WASHINGTON, D.C. — On May 23, the U.S. Senator Joseph D. Tydings Memorial Prevent All Soring Tactics (PAST) Act, H.R. 693, secured its 290th cosponsor, triggering a new House Rule to move the measure to the Consensus Calendar and to a debate and vote on the House floor.
The measure would amend the Horse Protection Act (HPA) of 1970 and crack down on the practice of "soring" Tennessee Walking, Racking, and Spotted Saddle Horses. House Majority Leader Steny Hoyer is listed among the 220 Democrat and 76 Republican cosponsors. H.R. 693 is just the third measure to attract massive bipartisan support and go to the floor under a new rule promoted by the Problem Solvers Caucus.
The PAST Act was introduced in the U.S. House in January by Reps. Kurt Schrader (D-OR) and Ted Yoho (R-FL) — Cochairs of the Congressional Veterinary Medicine Caucus — and seeks to close loopholes that have allowed the barbaric practice of “soring.” Soring is conducted by trainers who apply caustic chemicals to the front limbs of Tennessee Walking horses or insert sharp objects into their hooves to produce an exaggerated gait. This intentional abuse of horses produces a high stepping gait known as the “big lick,” and has been known to exist since the 1950’s.
The PAST Act was first introduced in 2013, but a few influential lawmakers blocked floor votes on the measure despite overwhelming support in both chambers. The sponsors of the bill named this year’s version after the late U.S. Senator Joseph D. Tydings (D-MD), who authored the Horse Protection Act of 1970 and worked for 48 years to close loopholes that the horse soring crowd used to complicate enforcement of the law. Tydings passed away last fall.
“I’ve seen horses’ feet that have been sored so badly they looked like pizza with the cheese pulled off, and it’s long past time to end the rampant abusive practice of soring that I’ve personally witnessed since childhood,” said Marty Irby, executive director at Animal Wellness Action, and past president of the Tennessee Walking Horse Breeders’ & Exhibitors’ Association. “We are going to get a vote and take a big step toward eradicating the soring plague that’s marred the breed for more than 60 years, and I applaud the U.S. House Members for their dedication and support.”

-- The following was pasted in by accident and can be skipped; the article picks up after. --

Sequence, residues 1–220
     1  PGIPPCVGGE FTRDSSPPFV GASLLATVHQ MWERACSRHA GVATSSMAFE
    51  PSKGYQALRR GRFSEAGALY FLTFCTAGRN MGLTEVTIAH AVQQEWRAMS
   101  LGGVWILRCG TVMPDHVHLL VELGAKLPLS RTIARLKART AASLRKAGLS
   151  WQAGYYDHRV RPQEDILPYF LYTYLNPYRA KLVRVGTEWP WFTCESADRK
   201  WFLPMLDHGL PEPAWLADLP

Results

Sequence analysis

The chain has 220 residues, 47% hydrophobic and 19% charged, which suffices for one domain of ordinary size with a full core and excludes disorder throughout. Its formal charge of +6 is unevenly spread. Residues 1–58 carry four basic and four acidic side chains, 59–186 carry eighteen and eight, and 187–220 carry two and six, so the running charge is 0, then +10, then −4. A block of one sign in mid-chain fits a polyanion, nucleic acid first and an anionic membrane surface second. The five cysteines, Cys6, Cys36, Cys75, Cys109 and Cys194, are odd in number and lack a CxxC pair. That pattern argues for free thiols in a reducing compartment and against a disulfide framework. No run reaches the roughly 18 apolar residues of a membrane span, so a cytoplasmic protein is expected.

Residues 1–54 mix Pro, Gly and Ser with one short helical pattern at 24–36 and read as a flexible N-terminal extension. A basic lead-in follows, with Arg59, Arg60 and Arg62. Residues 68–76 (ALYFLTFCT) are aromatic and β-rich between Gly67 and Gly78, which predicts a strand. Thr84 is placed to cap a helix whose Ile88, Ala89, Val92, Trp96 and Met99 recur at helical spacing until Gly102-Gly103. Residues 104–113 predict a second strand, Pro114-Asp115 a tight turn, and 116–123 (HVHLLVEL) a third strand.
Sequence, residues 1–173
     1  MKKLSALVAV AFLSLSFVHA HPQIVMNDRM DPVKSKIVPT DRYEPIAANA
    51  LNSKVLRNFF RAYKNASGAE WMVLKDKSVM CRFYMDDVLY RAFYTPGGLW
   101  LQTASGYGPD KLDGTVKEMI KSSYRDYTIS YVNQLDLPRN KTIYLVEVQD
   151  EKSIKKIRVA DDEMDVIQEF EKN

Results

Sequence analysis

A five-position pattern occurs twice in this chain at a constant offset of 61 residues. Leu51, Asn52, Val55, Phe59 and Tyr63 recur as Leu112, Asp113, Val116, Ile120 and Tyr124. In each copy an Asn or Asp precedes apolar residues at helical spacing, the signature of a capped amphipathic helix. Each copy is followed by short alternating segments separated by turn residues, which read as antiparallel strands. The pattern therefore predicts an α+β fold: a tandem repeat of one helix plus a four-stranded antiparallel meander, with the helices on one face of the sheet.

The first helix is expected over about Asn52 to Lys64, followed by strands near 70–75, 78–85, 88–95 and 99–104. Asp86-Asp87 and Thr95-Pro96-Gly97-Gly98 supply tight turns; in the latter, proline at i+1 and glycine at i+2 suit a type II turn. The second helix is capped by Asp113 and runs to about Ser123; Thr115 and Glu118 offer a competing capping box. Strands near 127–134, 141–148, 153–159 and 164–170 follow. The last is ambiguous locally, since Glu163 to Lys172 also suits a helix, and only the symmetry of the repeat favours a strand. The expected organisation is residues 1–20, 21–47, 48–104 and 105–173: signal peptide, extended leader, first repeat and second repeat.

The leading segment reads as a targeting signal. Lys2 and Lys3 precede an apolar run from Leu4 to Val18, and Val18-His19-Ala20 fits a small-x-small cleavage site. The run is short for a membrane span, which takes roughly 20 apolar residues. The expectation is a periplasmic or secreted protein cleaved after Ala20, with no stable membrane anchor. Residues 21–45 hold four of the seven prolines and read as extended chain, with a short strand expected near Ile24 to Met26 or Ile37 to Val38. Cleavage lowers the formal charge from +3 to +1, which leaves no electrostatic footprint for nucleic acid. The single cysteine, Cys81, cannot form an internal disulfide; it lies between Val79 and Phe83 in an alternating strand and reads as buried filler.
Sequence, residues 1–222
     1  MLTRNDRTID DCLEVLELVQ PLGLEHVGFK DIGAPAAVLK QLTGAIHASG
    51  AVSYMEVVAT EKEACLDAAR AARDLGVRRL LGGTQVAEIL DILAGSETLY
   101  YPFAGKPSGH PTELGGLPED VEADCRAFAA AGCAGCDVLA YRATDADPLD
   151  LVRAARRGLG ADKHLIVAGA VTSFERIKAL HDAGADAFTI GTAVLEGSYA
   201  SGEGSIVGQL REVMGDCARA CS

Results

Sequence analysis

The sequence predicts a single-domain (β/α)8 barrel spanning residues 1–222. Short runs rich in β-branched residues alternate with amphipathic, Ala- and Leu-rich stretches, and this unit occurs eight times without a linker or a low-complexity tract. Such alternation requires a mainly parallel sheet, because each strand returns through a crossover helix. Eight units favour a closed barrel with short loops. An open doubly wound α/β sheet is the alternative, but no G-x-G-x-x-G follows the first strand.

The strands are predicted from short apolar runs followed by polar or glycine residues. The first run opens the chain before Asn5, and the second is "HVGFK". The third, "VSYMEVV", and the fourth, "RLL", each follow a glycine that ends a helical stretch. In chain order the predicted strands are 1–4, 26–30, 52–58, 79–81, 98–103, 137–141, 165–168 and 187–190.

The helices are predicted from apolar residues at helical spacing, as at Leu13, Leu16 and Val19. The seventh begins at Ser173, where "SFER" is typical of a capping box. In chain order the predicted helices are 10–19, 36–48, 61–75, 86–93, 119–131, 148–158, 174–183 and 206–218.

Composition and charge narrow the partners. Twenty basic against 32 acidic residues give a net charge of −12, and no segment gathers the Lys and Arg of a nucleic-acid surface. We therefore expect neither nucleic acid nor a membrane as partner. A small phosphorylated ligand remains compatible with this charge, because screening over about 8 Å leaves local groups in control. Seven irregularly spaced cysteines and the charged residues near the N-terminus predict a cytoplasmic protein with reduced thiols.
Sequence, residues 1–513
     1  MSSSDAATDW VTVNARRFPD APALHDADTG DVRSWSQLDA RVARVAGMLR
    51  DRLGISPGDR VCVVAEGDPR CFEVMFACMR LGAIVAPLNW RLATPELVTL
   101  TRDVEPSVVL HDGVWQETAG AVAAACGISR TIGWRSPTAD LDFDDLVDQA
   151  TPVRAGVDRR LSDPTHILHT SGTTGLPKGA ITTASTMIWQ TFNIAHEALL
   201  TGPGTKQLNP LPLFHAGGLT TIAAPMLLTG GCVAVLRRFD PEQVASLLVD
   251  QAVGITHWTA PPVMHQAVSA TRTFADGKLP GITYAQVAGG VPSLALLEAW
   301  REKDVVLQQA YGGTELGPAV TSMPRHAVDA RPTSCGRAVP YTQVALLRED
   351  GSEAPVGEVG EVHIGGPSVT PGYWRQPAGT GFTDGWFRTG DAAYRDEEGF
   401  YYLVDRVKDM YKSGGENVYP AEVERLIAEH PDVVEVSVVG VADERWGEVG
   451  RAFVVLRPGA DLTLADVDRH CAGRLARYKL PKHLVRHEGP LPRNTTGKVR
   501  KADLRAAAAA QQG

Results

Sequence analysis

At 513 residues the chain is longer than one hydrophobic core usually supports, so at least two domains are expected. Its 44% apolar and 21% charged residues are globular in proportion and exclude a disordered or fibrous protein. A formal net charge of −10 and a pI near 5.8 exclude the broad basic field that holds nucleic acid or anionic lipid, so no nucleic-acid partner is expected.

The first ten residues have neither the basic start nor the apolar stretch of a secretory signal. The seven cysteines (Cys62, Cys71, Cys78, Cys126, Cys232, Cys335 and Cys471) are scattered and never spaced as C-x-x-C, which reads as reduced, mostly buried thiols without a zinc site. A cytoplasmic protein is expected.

“My grandfather would be so thrilled about this news,” said Ben Tydings Smith, grandson of the late Senator Joseph D. Tydings. “He cared so deeply for these horses and I know he is probably looking down with a big smile on his face. On behalf of the Tydings family, thank you to all the sponsors and cosponsors for your generous support.”
“The PAST Act is an easy, bipartisan solution that every Member of Congress should be able to get behind, as is evidenced by the support from well over half of the House of Representatives,” said Rep. Kurt Schrader. “Surpassing this significant number of cosponsors means we can utilize the new Consensus Calendar rule, adopted this Congress. Horse soring still runs rampant even though laws have been on the books banning this cruel practice for decades. Our bill will strengthen and improve current regulations by allowing USDA to step in since self-policing has flat out not worked over the last 20 years. I thank all of my colleagues for their support and look forward to taking a vote in the House soon as we seek to put an end to this abusive practice once and for all.”
The PAST Act was also introduced in the U.S. Senate in March by U.S. Senators Mike Crapo (R-ID), and Mark Warner (D-VA), S. 1007, and is supported by the American Horse Council, American Veterinary Medical Association, American Association of Equine Practitioners, United States Equestrian Federation, National Sheriff’s Association, and the veterinary medical associations from all 50 states. It attracted 340 House and Senate cosponsors in the previous Congress and is well on its way toward attracting that level of support in the new Congress.
The act is not without opposition.
The Cavalry Group is urging horsemen to write in opposition to the bill, calling it misguided. The group argues the soring of horses is already illegal under the federal Horse Protection Act. The group argues that the bill does not address the problem of unethical participants who are already in violation of existing laws.
Although the big-lick show horses are not commonly seen at shows in Pennsylvania, New Jersey or New York the matter is the focus of a movie, Awesome Gal that was recently screen at the Garden State Film Festival.
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